The scene at Canterbury's St Lawrence Ground on Bank Holiday Monday evoked summers past: a large crowd seated on the grassy banks, Kent in trophy contention, the sun shining. County cricket at its best. Sadly, such scenes are becoming fewer. The decline in attendance at county cricket has many causes but sometimes the game does not help itself.
Once any aficionado knew the routine. Three-day matches were played Saturday-Monday-Tuesday, and Wednesday-Thursday-Friday. The 1954 programme ran from May to August and followed that pattern slavishly. The arrival of one-day cricket meant a longer season and interruptions for cup ties but the basic pattern remained. Four-day cricket forced a shake-up, but the format was consistent. In 1995 all Championship matches were played Thursday-Sunday except one week when matches began on a Tuesday to accommodate the NatWest final.
And so to 2012. The Championship season began on 5 April with four successive Thursday starts. It ends on 14 September after four Tuesday starts. In between, matches start every day of the week except Sunday. In the second week of August, Championship matches started on Monday (Bristol), Tuesday (Chester-le-Street and Taunton), Wednesday (Edgbaston and Canterbury) and Friday (Northampton and Hove). That week counties also fitted in CB40 matches at Edgbaston, Derby, Northampton and Cardiff.
Is it any wonder that on any given day all but the most avid followers have no idea who is playing where in what? A few years ago I had a debate with Giles Clarke, the ECB's chairman, on this subject. His argument was that football's calendar was just as complex and fans coped with that. Top-flight football has, though, followed the same basic structure for years and teams cannot be in the first day of a game in one part of the country and the third day somewhere else.
Cricket's fixture list is complex. There are various formats to be squeezed in and, as in football, television's demands must be met as well as corporate customers. But at times it seems ordinary spectators are last to be considered. Kent's CEO, Jamie Clifford, lamented the fixture list in Monday's programme. "I am a firm believer," he wrote, "that one-day domestic cricket played on Sundays and Bank Holiday Monday afternoons – when all the family can attend and watch together – remains highly popular. It is just, with the current fixture scheduling and competition structure, we don't have enough of it."
Kent this summer played at home on nine of 26 such days, three of them being the final day of a County Championship match.
Clifford went on to appeal for the return of the Sunday League, not least because it included September fixtures "which often brought the best days weather-wise", adding "I am very frustrated to see so many September weekends standing empty." Sunday 19 August was the last weekend of domestic cricket except for T20 finals day and the CB40 semis and final.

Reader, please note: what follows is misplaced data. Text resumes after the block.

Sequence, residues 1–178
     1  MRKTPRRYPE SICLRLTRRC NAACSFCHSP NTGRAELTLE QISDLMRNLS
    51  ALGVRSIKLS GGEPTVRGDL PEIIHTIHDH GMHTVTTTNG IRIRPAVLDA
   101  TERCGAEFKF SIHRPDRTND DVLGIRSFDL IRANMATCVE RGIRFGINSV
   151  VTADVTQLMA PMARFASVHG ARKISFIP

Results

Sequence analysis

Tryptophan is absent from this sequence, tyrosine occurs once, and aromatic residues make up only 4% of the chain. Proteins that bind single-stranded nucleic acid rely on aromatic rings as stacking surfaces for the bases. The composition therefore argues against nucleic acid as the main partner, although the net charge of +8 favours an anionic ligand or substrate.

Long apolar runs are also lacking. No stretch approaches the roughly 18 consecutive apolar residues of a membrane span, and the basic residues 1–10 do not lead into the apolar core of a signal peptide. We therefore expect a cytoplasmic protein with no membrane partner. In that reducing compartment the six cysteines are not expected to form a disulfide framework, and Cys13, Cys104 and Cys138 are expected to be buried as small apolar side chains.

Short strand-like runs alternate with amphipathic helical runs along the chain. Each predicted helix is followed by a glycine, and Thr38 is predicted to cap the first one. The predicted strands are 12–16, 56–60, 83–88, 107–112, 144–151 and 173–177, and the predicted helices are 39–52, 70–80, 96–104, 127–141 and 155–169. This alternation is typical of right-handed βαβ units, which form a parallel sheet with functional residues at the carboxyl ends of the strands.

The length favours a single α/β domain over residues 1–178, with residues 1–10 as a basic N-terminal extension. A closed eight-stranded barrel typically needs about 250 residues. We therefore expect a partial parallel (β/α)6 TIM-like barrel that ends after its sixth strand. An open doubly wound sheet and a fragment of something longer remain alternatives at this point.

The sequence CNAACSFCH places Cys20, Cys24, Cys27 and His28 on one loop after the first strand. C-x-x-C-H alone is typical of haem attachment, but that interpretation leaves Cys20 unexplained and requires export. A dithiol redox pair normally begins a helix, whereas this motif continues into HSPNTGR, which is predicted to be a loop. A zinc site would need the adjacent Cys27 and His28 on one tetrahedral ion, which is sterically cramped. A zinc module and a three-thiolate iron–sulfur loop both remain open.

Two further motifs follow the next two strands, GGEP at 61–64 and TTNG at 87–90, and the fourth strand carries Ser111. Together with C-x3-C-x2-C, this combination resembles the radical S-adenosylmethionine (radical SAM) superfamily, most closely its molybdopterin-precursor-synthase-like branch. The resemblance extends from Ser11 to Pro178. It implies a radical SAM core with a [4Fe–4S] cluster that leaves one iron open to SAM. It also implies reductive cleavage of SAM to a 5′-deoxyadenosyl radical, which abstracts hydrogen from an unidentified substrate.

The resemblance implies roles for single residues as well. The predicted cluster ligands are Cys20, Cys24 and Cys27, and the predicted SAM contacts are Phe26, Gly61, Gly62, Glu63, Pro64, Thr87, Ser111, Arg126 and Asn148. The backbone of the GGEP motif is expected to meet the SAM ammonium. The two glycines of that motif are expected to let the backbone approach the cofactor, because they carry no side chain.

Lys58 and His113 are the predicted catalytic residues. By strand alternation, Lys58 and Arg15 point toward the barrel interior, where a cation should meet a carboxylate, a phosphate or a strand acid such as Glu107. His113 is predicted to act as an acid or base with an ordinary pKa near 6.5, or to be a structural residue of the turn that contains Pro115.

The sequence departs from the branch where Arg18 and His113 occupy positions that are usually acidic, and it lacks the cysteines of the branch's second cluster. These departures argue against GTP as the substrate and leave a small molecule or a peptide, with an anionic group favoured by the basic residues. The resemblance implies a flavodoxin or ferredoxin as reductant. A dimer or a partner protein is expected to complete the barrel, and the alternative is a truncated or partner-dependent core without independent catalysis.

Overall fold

Clifford also wrote: "I believe we exist for the benefit of the cricket watcher, the supporter." This attitude should be self-evident and widespread but it is not. A survey in The Cricketer this season asked players and executives: "What should be the [county] CEO's main concern: the business, fans or players?" Most answers suggested a combination, but while some picked out the business, and others the players, none highlighted the fans first.
The game must finance itself otherwise there will be no cricket to watch, but it is in danger of pursuing cash for the sake of it. When T20 began, part of the ethos was to take the game to outgrounds which have dropped off the calendar due to the cost of maintaining facilities. But once counties realised how popular it was they moved matches to headquarters where they can pack more in – at the expense of limiting their geographical reach.
Four-day cricket and splitting the Championship has led to tougher cricket and higher standards, improving the England team whose success is crucial to the game's survival. But, it has also created a transfer market and salary inflation. This increases the financial pressures on counties already struggling to meet the expectation of modern spectators and players for better facilities.
Which is why it was not just Kent losing which separated Monday at Canterbury from summers past. There was also the sight of a Sainsbury's on the ground, with a hotel planned that will eat into the space where generations of children have played cricket around their parents' cars. "It's not ideal, but it's better than going bust," said one local. The irony is that, while in the 1950s the MCC secretary, Ronnie Aird, bemoaned the negative attitude of county captains for losing county cricket support, the modern game is usually entertaining, with more athletic fielding and attacking batting. If only people knew when it was being played.Reuse content